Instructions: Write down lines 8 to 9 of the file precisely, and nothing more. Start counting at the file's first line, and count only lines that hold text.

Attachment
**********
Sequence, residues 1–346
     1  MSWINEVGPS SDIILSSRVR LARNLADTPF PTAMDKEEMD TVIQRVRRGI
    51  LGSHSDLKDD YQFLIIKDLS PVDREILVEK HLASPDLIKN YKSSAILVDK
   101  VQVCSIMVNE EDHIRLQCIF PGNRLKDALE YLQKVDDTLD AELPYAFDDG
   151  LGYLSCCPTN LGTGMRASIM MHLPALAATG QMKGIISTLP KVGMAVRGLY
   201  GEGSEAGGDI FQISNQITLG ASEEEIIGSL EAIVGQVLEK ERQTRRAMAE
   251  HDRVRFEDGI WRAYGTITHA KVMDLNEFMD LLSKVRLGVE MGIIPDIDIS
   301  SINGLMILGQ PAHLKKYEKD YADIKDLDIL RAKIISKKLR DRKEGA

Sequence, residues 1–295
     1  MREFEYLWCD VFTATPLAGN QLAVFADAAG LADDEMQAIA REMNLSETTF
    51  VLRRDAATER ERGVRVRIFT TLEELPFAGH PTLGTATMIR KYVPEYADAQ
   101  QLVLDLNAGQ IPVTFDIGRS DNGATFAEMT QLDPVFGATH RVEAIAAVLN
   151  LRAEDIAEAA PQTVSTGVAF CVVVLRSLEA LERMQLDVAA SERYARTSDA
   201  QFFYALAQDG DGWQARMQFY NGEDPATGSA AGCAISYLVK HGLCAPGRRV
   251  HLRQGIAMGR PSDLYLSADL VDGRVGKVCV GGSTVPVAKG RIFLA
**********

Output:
   301  SINGLMILGQ PAHLKKYEKD YADIKDLDIL RAKIISKKLR DRKEGA

Sequence, residues 1–295